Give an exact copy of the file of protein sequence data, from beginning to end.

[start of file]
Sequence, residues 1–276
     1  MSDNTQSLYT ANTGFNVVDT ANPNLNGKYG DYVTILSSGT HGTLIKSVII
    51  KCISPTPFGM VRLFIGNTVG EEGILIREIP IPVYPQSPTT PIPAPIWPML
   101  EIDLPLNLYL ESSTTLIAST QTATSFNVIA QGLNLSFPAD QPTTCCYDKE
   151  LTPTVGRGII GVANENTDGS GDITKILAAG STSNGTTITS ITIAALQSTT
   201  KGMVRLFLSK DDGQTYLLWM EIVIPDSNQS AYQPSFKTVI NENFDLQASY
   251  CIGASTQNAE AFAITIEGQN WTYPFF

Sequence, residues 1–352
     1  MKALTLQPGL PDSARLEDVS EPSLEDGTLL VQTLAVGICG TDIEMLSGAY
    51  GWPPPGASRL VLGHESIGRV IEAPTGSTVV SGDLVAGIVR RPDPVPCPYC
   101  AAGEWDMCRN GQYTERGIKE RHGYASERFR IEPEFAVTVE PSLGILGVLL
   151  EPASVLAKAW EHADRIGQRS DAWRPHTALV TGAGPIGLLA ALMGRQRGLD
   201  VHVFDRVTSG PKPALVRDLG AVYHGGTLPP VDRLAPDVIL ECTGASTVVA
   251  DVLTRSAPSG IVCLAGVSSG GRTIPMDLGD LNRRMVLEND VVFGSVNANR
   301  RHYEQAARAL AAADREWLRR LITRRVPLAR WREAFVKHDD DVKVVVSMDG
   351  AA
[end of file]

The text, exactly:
Sequence, residues 1–276
     1  MSDNTQSLYT ANTGFNVVDT ANPNLNGKYG DYVTILSSGT HGTLIKSVII
    51  KCISPTPFGM VRLFIGNTVG EEGILIREIP IPVYPQSPTT PIPAPIWPML
   101  EIDLPLNLYL ESSTTLIAST QTATSFNVIA QGLNLSFPAD QPTTCCYDKE
   151  LTPTVGRGII GVANENTDGS GDITKILAAG STSNGTTITS ITIAALQSTT
   201  KGMVRLFLSK DDGQTYLLWM EIVIPDSNQS AYQPSFKTVI NENFDLQASY
   251  CIGASTQNAE AFAITIEGQN WTYPFF

Sequence, residues 1–352
     1  MKALTLQPGL PDSARLEDVS EPSLEDGTLL VQTLAVGICG TDIEMLSGAY
    51  GWPPPGASRL VLGHESIGRV IEAPTGSTVV SGDLVAGIVR RPDPVPCPYC
   101  AAGEWDMCRN GQYTERGIKE RHGYASERFR IEPEFAVTVE PSLGILGVLL
   151  EPASVLAKAW EHADRIGQRS DAWRPHTALV TGAGPIGLLA ALMGRQRGLD
   201  VHVFDRVTSG PKPALVRDLG AVYHGGTLPP VDRLAPDVIL ECTGASTVVA
   251  DVLTRSAPSG IVCLAGVSSG GRTIPMDLGD LNRRMVLEND VVFGSVNANR
   301  RHYEQAARAL AAADREWLRR LITRRVPLAR WREAFVKHDD DVKVVVSMDG
   351  AA